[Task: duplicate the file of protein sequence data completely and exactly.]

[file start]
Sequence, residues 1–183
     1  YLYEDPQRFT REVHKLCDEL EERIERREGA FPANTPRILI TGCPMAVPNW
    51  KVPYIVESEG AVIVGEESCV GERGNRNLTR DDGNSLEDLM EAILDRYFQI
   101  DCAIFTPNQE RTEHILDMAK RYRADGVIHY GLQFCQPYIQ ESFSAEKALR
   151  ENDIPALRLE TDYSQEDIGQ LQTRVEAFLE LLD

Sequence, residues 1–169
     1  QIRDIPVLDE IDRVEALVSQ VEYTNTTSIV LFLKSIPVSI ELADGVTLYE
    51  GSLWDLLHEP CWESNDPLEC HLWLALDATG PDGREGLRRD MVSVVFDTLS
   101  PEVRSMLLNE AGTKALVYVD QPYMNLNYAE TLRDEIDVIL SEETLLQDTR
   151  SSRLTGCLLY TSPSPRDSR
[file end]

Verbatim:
Sequence, residues 1–183
     1  YLYEDPQRFT REVHKLCDEL EERIERREGA FPANTPRILI TGCPMAVPNW
    51  KVPYIVESEG AVIVGEESCV GERGNRNLTR DDGNSLEDLM EAILDRYFQI
   101  DCAIFTPNQE RTEHILDMAK RYRADGVIHY GLQFCQPYIQ ESFSAEKALR
   151  ENDIPALRLE TDYSQEDIGQ LQTRVEAFLE LLD

Sequence, residues 1–169
     1  QIRDIPVLDE IDRVEALVSQ VEYTNTTSIV LFLKSIPVSI ELADGVTLYE
    51  GSLWDLLHEP CWESNDPLEC HLWLALDATG PDGREGLRRD MVSVVFDTLS
   101  PEVRSMLLNE AGTKALVYVD QPYMNLNYAE TLRDEIDVIL SEETLLQDTR
   151  SSRLTGCLLY TSPSPRDSR